Page Scan from The Medical and Surgical History of the War of the Rebellion

A page scan from The Medical and Surgical History of the War of the Rebellion detailing one of many cases submitted to the museum by Keen. (National Museum of Health and Medicine digital scan)

Right humerus of Pvt. John Varte

The right humerus of Pvt. John Varter, Company C, 13th New York. Varter was injured at Bull Run, Virginia on August 30, 1862. The arm was amputated by Acting Assistant Surgeon William W. Keen on September 7, 1862. [Left to right: 100720-D-TY520-1027, 100720-D-TY520-1024, 100720-D-TY520-1026]

It was also during this period that he developed a specific interest in injuries of the nervous system while working in the Union Army's Christian Street and Turner's Lane Hospitals in Philadelphia. Both hospitals were devoted to such injuries. Here he studied and documented neurological cases with Dr. Silas W. Mitchell and Dr. George R. Morehouse for Gunshot Wounds and other Injuries of Nerves, a somewhat complementary text to MSHWR, and considered to be the origin of American neurology. Thus began Keen's long and famous career as "America's first brain surgeon."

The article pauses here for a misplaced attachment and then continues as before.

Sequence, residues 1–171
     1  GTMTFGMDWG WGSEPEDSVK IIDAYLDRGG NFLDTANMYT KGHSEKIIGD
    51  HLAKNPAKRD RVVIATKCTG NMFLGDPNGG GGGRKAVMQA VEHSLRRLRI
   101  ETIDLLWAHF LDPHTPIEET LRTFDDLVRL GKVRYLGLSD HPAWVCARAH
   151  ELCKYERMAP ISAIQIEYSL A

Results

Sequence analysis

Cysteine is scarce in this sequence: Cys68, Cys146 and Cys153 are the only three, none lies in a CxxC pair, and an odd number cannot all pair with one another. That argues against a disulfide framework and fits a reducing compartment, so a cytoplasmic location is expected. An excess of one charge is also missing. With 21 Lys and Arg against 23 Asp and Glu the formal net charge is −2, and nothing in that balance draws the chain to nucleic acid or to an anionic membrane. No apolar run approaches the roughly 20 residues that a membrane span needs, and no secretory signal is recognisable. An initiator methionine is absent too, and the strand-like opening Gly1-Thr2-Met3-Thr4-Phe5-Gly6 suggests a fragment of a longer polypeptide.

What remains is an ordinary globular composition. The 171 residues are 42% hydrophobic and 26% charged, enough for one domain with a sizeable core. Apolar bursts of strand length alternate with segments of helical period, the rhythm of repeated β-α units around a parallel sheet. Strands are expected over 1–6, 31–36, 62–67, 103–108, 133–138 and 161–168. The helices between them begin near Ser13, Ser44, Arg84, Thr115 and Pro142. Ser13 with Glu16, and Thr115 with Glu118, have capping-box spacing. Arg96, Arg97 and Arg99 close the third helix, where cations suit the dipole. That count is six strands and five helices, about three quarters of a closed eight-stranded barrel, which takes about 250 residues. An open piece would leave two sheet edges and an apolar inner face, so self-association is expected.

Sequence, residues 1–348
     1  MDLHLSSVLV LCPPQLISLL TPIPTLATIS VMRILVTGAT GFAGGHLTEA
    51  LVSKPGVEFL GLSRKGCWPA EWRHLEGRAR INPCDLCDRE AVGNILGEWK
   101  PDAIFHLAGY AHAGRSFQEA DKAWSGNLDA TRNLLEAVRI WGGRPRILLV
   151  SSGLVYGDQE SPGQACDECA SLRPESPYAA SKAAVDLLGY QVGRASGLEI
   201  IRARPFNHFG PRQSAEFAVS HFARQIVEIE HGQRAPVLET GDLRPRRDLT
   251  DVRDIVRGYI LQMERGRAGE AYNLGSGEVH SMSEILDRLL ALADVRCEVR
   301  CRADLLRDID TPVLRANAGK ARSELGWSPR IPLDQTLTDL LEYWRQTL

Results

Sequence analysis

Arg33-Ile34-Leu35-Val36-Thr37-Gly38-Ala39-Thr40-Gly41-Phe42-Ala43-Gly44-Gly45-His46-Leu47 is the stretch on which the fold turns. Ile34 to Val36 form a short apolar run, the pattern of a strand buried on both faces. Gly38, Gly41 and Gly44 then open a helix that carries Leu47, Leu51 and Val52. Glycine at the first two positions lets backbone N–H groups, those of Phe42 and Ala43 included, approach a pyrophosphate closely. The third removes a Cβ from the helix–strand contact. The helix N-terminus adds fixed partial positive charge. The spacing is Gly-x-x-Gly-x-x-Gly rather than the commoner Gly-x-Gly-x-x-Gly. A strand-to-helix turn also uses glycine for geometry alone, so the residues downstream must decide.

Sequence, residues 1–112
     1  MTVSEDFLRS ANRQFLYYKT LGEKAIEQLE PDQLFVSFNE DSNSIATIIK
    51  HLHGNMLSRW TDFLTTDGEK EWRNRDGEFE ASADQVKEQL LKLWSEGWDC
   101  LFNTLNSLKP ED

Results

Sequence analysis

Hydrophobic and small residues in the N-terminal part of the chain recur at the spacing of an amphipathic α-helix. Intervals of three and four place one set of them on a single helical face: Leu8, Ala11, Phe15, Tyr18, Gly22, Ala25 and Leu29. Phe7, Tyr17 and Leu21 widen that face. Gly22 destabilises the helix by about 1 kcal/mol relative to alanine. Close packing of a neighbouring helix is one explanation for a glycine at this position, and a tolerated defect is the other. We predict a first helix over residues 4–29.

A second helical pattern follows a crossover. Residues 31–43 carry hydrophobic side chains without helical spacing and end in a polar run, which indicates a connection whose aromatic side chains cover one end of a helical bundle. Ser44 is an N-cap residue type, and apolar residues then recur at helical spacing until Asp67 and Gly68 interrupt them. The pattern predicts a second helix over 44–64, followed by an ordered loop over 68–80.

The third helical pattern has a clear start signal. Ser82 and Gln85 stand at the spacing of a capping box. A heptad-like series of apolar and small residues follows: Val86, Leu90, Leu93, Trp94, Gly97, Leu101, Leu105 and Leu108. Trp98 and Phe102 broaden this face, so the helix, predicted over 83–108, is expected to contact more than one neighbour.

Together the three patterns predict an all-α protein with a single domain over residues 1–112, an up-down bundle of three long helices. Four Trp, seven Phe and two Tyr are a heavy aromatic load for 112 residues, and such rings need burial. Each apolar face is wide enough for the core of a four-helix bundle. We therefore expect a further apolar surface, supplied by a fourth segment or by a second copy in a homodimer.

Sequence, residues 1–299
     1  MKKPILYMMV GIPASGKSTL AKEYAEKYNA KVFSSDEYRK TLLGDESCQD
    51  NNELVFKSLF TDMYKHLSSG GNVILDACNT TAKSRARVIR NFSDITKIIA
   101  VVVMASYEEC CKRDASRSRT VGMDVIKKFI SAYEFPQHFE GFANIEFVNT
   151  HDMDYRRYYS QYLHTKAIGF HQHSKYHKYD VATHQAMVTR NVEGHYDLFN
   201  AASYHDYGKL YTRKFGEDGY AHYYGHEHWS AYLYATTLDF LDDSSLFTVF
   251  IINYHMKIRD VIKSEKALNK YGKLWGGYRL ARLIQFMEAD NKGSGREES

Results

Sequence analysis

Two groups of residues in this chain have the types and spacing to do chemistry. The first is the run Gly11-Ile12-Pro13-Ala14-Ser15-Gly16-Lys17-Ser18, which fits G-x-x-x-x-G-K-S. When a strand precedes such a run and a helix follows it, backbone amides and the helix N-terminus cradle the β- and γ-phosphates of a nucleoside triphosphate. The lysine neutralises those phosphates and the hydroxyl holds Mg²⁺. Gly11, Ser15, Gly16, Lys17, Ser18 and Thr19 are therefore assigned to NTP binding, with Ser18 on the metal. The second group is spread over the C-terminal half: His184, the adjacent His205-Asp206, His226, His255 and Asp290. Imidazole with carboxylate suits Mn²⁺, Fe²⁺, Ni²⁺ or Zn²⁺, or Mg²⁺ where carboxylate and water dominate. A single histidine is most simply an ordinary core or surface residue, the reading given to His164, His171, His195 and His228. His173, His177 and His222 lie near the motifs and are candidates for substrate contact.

Already a renowned surgeon, Keen gained additional notoriety for being the first to perform a successful (benign) brain tumor removal in the Americas in 1887. This led to his being summoned by President Grover Cleveland's personal physician in 1893 to lead a team of doctors performing a secretive, and now infamous, operation on the president. The public was not made aware of any illness that afflicted President Cleveland, but rather was informed that he was having "dental work." The shrouded truth remained until 1917, when Keen publicly verified in a self-authored article ("The Surgical Operations on President Cleveland in 1893") that he had removed a rather extensive oral lesion from the palate of the president's mouth while they traveled aboard a yacht off Long Island, New York. The anonymous biopsy that prompted the need for surgery was diagnosed as a "probable epithelioma" at the Army Medical Museum, so the surgery moved forward due to the lack of a conclusive diagnosis. A second surgery was performed just 16 days after the first to induce peace of mind for all parties involved and President Cleveland suffered no recurrence of tumor during his lifetime.

Histology slides from a 1980 recut of President Cleveland's 1893 palatal tumor